Santa Clara County Judge Aaron Persky cited the “extraordinary circumstances” of Turner’s youth, clean criminal record and other considerations in departing from the minimum sentence. The judge followed the probation department’s recommendation for a “moderate” jail sentence, saying prison would have a “severe impact” on Turner and he likely “will not be a danger to others.”
Critics argue the sentence minimized sexual assault on college campuses and called attention to inequality in the courts. They say Turner’s ability to hire an experienced criminal attorney set him apart from many defendants who rely on overworked public defenders.
WHY DID THE CASE GENERATE SO MUCH ATTENTION?
Buzzfeed published the victim’s powerful statement that quickly circulated on social media. She read it before Turner’s June 2 sentencing, noting probation officials took into account his lost swimming career in its recommendation to the judge.
“How fast Brock swims does not lessen the severity of what happened to me, and should not lessen the severity of his punishment,” the victim said. “The fact that Brock was an athlete at a private university should not be seen as an entitlement to leniency, but as an opportunity to send a message that sexual assault is against the law regardless of social class.”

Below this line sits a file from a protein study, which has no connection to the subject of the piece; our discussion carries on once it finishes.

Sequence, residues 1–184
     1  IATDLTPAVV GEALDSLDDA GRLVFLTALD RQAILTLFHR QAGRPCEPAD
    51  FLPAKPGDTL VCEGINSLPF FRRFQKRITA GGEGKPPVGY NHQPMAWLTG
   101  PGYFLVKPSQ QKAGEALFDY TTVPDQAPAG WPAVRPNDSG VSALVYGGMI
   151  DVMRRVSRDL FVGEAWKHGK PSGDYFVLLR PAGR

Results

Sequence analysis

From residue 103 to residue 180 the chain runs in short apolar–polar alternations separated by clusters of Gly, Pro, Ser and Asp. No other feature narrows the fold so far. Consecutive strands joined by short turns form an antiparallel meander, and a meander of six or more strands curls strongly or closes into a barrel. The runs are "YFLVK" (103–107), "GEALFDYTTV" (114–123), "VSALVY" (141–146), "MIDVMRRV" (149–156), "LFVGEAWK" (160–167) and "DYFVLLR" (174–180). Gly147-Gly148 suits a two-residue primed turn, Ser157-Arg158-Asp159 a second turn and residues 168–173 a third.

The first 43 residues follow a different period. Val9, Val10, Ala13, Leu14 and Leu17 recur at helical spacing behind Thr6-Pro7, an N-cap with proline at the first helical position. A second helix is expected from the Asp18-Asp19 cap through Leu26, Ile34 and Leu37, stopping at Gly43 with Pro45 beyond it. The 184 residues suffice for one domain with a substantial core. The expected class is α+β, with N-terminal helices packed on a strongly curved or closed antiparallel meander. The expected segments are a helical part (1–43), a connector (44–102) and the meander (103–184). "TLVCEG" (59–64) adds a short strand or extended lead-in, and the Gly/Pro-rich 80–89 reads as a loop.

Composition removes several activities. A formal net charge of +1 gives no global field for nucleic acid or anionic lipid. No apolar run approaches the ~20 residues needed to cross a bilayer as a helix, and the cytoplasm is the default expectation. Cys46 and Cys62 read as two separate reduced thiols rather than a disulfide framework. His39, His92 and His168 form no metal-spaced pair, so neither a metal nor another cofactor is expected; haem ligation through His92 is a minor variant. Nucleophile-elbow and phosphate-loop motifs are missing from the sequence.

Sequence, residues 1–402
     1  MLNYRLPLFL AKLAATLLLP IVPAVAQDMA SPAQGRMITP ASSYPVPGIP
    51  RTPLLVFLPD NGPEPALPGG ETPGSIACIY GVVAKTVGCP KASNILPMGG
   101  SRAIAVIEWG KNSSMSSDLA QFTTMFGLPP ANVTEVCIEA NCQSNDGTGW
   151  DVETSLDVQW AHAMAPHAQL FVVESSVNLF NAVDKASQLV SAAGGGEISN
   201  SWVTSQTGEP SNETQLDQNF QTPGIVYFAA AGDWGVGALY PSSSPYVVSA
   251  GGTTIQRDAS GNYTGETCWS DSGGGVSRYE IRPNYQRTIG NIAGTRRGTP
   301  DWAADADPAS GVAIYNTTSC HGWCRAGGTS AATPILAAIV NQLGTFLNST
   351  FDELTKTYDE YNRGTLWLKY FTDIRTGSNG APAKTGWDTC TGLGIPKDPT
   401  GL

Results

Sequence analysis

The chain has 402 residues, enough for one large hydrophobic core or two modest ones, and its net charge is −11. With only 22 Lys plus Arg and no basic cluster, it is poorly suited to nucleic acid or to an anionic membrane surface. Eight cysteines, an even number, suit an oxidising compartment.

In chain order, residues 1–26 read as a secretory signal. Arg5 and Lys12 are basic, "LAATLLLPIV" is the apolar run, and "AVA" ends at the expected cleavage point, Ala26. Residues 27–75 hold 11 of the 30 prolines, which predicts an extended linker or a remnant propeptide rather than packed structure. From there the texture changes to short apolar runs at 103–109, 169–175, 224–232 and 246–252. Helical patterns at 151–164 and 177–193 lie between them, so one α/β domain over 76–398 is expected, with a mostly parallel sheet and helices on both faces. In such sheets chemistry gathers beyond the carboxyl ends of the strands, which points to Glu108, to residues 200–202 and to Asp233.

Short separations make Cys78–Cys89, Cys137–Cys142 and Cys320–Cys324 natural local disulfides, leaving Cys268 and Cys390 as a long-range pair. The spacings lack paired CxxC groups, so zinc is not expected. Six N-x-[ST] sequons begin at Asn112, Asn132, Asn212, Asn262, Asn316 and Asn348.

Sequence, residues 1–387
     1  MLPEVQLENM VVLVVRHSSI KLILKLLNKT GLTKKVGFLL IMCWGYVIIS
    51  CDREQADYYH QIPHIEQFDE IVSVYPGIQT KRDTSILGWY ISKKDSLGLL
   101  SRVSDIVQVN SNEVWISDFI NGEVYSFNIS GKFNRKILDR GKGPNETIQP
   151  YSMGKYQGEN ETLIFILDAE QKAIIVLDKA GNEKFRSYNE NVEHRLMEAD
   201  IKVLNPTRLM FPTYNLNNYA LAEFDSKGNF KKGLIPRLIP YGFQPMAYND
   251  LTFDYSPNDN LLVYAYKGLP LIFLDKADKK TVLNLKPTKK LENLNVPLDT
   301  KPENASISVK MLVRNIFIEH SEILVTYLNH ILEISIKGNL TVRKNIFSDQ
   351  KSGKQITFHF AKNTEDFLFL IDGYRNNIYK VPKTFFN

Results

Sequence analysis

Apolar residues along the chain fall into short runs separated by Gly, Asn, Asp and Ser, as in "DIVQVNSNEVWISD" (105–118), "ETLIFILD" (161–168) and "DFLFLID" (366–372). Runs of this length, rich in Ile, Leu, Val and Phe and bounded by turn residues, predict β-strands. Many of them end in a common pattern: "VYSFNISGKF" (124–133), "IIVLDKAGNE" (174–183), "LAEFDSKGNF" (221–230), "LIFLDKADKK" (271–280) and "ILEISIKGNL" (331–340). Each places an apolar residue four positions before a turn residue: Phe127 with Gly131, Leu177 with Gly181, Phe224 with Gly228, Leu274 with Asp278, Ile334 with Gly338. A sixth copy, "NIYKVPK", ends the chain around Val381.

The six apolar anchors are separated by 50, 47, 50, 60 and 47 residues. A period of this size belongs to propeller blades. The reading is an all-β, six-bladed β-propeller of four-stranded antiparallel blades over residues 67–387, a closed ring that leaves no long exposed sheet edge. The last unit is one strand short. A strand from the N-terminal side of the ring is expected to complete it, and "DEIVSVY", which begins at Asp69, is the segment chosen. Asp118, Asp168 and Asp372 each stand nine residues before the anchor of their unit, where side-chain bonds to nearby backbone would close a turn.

CNN anchor Ashleigh Banford read the entire 7,200-word statement on air and members of Congress took turns reading it aloud on the House floor. Vice President Joe Biden wrote a public letter to the victim saying, “I do not know your name — but your words are forever seared on my soul.” The woman has not spoken publicly.
The furor grew after letters surfaced that Turner’s family and friends wrote urging the judge to be lenient. Turner’s father lamented that his son’s life was ruined by “20 minutes of action” and his grandparents complained that “Brock is the only person being held accountable for the actions of other irresponsible adults.”
WHY IS TURNER GETTING RELEASED AFTER ONLY THREE MONTHS?
Turner, like nearly all California jail inmates, will be released after serving half his sentence. As long as jail inmates stay out of trouble behind bars, they generally get two days of credit for every day served.
WHAT’S THE FALLOUT?